Strong communities require a plentiful supply of quality affordable housing. Strong communities also require an abundance of quality early childhood education (ECE) choices. And while developing dedicated facilities to meet either need individually can create positive social impact in the community, what might be possible in a new facility that brings both of these critical community assets together under one roof?
In a Nutshell
What: Nonprofits Movin’ Out and Red Caboose are partnering to co-locate quality affordable housing and an ECE center in a new facility that will address shortages of both community assets in Madison, WI, enable Red Caboose to increase enrollment from 53 students to 120, and revitalize a long-vacant lot in a high-traffic, transit-accessible corridor in the city.
Sectors: Affordable Housing, Early Childhood Education
Location: Madison, WI
Size: 70,000 square feet, including a 21,000-square-foot early childhood education center
Cost: $14.5 million
Funding & Financing Sources: Low-Income Housing Tax Credits, Wisconsin Housing and Economic Development Authority (WHEDA is allocating the LIHTCs and acting as the lead lender for the project, with Cinnaire serving as the equity investor), City of Madison, Federal Home Loan Bank of Chicago AHP, HOME, United Way, IFF, Red Caboose capital campaign
IFF Support: Two loans closed in March 2022 totaling $4.18 million for Movin’ Out (construction and permanent financing); A forward commitment of $3.58 million for Red Caboose to finance the purchase and build out of the ground floor ECE center once construction of the facility is completed
IFF Staff Leads: Darian Luckett, Director of Lending – Wisconsin and Iowa & Stephanie Socall, Managing Director of Lending – Affordable Housing
Design: Knothe & Bruce Architects
Construction: McGann Construction
Impact: 32 affordable housing units created (including nine supportive units for residents with disabilities); 67 ECE slots created; financial and operational synergies for Red Caboose and Movin’ Out
That’s a question that nonprofits Movin’ Out and Red Caboose are on their way to answering as the organizations partner to develop a 70,000-square-foot, mixed-use facility in Madison, WI, that addresses two pressing local needs with a solution greater than the sum of its parts. The facility, which is currently being built, will include a ground floor ECE center and 38 one-, two-, and three-bedroom apartments on the upper three floors – 32 of which will be affordable for families earning 30-60 percent of the Area Median Income and nine of which will be supportive units for tenants with disabilities. Movin’ Out takes an integrated approach to affordable housing development, setting aside roughly 25 percent of units at the properties it develops for disabled residents to ensure that they are able to fully participate in their communities.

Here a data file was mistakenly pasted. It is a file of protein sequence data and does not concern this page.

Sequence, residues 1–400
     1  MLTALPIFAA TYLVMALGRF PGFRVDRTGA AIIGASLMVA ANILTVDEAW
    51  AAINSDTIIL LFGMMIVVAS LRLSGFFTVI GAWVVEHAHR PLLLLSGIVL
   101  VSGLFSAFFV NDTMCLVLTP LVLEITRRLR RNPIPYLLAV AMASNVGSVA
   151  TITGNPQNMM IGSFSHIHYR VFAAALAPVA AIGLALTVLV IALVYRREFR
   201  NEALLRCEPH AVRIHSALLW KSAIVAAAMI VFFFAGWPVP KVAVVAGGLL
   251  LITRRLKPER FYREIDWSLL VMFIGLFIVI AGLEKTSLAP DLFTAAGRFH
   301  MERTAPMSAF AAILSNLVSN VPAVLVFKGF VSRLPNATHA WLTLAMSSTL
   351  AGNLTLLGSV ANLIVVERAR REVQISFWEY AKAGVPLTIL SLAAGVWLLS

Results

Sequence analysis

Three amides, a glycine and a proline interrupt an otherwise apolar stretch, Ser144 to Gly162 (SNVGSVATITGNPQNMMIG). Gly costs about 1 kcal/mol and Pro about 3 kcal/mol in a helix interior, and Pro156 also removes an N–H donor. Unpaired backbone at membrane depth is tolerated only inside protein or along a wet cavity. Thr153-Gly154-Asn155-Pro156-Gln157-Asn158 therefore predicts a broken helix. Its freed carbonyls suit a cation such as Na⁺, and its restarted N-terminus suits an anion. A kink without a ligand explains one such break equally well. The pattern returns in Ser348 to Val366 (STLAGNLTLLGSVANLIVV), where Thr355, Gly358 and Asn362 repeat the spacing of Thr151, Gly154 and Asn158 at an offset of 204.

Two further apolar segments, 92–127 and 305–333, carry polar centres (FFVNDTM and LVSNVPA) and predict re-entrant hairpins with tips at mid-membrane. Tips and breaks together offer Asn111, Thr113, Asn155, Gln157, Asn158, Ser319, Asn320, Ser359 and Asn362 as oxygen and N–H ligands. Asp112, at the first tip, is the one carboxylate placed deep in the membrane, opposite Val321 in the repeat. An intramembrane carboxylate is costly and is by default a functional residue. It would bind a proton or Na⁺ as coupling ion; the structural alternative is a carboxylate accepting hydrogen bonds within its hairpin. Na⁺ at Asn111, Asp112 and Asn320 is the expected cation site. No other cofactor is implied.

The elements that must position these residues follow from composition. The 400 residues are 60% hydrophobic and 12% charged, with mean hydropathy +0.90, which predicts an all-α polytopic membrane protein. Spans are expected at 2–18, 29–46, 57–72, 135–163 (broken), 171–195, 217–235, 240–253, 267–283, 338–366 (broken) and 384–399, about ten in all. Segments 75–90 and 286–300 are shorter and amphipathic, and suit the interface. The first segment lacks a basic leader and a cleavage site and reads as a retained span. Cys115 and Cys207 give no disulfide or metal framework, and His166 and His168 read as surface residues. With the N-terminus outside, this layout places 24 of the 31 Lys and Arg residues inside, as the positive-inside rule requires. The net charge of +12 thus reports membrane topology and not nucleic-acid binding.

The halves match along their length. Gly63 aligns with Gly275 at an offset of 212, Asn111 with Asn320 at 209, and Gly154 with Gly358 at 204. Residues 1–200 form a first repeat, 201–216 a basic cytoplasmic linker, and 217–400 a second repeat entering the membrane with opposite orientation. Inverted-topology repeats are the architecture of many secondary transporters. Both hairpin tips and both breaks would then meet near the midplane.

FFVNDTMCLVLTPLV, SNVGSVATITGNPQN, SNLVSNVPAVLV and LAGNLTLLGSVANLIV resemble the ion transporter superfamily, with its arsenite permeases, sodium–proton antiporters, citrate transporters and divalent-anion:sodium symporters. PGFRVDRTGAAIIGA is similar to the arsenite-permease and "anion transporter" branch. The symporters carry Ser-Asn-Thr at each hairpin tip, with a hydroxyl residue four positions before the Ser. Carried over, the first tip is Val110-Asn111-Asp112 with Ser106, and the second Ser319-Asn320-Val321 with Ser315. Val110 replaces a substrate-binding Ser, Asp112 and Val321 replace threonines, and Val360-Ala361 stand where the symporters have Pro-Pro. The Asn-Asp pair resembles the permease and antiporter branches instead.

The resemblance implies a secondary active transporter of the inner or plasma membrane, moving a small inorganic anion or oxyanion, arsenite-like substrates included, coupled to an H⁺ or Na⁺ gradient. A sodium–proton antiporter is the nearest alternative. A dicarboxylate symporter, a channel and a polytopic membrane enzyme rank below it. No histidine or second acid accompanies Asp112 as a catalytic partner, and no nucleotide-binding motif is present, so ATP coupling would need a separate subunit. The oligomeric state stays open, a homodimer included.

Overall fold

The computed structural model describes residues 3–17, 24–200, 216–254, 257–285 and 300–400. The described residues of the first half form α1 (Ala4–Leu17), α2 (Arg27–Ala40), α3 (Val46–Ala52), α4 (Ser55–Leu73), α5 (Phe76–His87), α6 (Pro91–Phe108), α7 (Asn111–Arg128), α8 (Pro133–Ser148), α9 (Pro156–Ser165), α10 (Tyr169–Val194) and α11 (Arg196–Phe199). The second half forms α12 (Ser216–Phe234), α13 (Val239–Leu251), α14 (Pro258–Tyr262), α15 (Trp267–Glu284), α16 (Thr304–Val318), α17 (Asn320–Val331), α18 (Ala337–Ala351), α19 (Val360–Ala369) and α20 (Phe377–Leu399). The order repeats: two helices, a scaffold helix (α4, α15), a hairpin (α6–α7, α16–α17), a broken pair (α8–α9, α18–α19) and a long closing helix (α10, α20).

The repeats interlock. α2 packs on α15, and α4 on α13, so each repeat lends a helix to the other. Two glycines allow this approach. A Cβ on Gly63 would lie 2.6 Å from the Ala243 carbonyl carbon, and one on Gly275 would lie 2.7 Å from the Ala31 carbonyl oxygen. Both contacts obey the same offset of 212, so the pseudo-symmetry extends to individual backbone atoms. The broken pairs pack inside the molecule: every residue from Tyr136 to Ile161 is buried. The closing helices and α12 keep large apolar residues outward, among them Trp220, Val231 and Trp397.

In partnership with the Wisconsin Housing and Economic Development Authority (WHEDA), the lead lender for this $14.5 million Low-Income Housing Tax Credit (LIHTC) project, IFF is providing $4.18 million in construction and permanent financing to Movin’ Out and has issued a forward commitment of $3.58 million to Red Caboose to purchase and finish the ground floor into a purpose-built ECE center.
The project is expected to be completed in spring 2023, and it represents a win-win for the City of Madison, where there are shortages of affordable housing units and ECE options, and for the neighborhood in which the facility will be located, where underutilized land will be put to a highly productive use.
It’s also a win-win for both nonprofits. For Movin’ Out, which has developed more than 1,200 units of affordable rental housing in Wisconsin, the shared facility presents an opportunity to chip away at a shortage of affordable rental housing in Madison – where an estimated 13,000 additional units are needed – while also providing residents with an invaluable amenity: access to quality ECE in the most accessible location possible. Residents will receive enrollment preference from Red Caboose, reducing the chances that families who need child care will struggle to find affordable, accessible options.
“We know the long-term impact of high-quality, early child care, and what a difference that can make in people’s lives in the long term,” said Movin’ Out Executive Director Kathryne Auerback in a recent interview. “It’s the same level of impact for having a safe, quality, affordable, stable place to live, and so the ripple effect of this project is really almost unlimited.”
Additional building amenities available to residents will include an underground parking garage, secure bike storage, a community room, shared outdoor deck, fitness center, and on-site management office. Both the housing units and the child care facility will be designed according to the Wisconsin Green Built Home standards – ensuring energy efficiency and reducing operating costs – while a rapid transit stop will soon be placed on the same block as the facility, increasing connectivity with the community for residents and making child care at Red Caboose more accessible to families in Madison without vehicles of their own.
Unique nonprofits partnering for a unique project